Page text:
Contact
Welcome to mBlog
Music licensing expert shares 5 useful tips on clearing music for your film!
Posted by Michal
February 21, 2013, at 11:51 PM

If you are a filmmaker you are probably well-aware how important are the copyrights. But what about music tunes? You cannot use any music tune without holding the appropriate rights, but that's obvious. But what's important is that you need to be 100% sure that you hold such rights - and sometimes (especially if you use "free" music for your movies) things can be tricky. Celine Palavioux shared some tips that will allow you to clear music for your film - with one unclear copyright you can forget about a distribution deal or showing your film at festivals. Celine has over 17 years' experience in licensing music for film, television and advertising. She has worked for record labels, music publishers and was music consultant. Here are her tips (via Raindance):


  • If you don’t know the difference between a sound recording and a composition, find out! Music licensing is much easier once you understand the basics of how music copyright works.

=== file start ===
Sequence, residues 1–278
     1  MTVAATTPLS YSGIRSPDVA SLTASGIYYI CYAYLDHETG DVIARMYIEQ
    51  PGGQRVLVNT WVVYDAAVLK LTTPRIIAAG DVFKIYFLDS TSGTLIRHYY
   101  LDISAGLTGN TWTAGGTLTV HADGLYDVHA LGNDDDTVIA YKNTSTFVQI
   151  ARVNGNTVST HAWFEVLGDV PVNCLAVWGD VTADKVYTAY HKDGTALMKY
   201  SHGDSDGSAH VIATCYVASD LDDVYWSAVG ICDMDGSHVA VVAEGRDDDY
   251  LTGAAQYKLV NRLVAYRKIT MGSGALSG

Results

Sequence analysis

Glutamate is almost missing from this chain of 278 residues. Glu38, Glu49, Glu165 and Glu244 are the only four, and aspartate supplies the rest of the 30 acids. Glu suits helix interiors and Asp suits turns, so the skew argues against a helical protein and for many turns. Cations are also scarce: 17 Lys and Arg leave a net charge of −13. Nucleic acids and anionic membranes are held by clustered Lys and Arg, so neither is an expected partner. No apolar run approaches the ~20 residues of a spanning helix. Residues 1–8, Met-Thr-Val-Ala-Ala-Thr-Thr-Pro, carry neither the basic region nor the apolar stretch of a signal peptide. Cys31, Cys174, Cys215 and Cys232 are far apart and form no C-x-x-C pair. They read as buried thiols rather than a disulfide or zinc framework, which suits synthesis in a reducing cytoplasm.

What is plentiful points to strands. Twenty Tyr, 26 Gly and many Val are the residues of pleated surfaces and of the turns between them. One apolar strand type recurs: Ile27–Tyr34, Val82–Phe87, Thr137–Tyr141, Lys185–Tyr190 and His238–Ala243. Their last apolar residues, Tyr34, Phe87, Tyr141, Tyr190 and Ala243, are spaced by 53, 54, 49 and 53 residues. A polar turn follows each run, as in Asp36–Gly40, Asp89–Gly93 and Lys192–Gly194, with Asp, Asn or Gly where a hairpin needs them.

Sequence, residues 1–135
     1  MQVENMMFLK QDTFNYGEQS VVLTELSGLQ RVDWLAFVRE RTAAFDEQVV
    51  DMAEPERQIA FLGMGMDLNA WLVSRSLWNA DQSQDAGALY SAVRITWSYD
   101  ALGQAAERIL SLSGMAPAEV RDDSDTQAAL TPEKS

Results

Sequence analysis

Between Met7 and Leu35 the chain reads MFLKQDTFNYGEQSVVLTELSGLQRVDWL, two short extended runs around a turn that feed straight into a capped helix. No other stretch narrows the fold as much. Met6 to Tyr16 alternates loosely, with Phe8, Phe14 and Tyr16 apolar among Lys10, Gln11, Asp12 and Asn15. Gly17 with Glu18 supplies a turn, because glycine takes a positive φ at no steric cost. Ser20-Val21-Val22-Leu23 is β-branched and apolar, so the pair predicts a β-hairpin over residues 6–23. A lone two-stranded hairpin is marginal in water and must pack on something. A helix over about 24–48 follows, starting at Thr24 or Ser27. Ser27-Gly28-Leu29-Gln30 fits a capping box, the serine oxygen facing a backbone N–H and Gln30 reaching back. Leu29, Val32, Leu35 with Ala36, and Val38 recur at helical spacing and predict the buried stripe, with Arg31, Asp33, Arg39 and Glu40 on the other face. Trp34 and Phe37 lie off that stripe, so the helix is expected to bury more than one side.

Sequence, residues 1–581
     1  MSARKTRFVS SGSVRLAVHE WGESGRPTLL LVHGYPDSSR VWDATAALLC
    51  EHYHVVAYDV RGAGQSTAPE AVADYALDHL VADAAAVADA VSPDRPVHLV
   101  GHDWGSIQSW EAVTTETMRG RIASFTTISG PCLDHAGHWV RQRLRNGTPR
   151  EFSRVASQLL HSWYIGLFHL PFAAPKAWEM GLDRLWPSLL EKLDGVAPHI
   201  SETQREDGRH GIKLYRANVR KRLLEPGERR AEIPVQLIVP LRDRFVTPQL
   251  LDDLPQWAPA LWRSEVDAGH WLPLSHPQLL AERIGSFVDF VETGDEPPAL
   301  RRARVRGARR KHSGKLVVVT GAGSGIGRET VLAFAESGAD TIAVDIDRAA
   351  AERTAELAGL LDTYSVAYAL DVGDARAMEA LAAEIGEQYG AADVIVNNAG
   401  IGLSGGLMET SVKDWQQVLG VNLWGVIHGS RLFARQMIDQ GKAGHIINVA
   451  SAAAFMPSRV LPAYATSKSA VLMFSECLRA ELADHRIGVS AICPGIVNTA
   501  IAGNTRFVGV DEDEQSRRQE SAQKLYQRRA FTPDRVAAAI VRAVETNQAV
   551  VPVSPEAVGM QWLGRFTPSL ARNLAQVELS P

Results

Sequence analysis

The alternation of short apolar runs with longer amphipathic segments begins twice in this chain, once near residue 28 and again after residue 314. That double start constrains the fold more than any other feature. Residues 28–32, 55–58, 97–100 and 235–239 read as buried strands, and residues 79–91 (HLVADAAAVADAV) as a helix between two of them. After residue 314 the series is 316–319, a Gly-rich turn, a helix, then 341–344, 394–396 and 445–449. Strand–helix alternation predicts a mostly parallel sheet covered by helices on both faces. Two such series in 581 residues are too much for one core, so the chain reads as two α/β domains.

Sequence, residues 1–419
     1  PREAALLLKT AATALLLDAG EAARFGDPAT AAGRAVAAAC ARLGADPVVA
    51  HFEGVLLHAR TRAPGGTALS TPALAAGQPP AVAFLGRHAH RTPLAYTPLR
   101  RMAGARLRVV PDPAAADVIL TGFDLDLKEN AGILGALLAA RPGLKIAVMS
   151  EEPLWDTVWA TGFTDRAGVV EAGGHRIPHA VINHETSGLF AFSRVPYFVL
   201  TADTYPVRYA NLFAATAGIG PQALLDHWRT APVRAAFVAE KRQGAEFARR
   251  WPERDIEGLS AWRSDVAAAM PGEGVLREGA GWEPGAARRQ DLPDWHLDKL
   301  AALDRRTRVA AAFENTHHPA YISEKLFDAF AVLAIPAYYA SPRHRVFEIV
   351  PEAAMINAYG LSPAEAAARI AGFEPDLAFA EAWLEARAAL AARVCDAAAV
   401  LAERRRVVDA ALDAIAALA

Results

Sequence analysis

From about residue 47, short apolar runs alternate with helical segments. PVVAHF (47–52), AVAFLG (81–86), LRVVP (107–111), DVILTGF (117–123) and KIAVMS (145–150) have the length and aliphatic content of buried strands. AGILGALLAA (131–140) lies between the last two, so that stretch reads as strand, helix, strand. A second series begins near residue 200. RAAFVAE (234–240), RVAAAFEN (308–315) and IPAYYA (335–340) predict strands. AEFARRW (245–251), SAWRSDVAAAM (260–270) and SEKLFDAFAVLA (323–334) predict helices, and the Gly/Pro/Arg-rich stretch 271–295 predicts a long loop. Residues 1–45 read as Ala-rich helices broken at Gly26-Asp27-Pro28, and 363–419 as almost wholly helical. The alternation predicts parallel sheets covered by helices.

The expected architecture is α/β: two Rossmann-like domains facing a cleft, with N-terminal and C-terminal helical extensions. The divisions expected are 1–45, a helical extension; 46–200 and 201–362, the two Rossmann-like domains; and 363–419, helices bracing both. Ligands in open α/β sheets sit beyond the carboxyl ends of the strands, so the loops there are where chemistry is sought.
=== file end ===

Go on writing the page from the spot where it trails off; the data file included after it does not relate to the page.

• Research, research, research…. Not everything is straightforward and the mergers and acquisitions that have taken place in the music industry recently have muddled things even further. Ask questions, speak to collection agencies (PRS for Music, PPL), record labels and music publishers; in short do your research!
  • Unfortunately and for many reasons, you may not be able to clear the track that you really want. So come up with alternatives early on.
  • Regardless of whether you are clearing commercial music via synchronisation licences or commissioning a composer to write a score, you will need to pay for whatever music you want to use. The rule is 10% of the total film budget should go to music.
  • Film soundtracks have become very popular. They are used constantly on shows like Top Gear and on TV commercials, yet you should avoid using them altogether. Firstly most film scores are the property of film companies, which often make them unclearable. Second, they are very expensive to clear.

If you want to find more info on the matter you can participate in the Music For Film course that will take place on Monday 25th of February at the Raindance Film Centrehttp://www.raindance.org/5-tips-on-clearing-music-for-your-film/ in London. For details follow this link!

Source: http://www.raindance.org

Comments:
No comments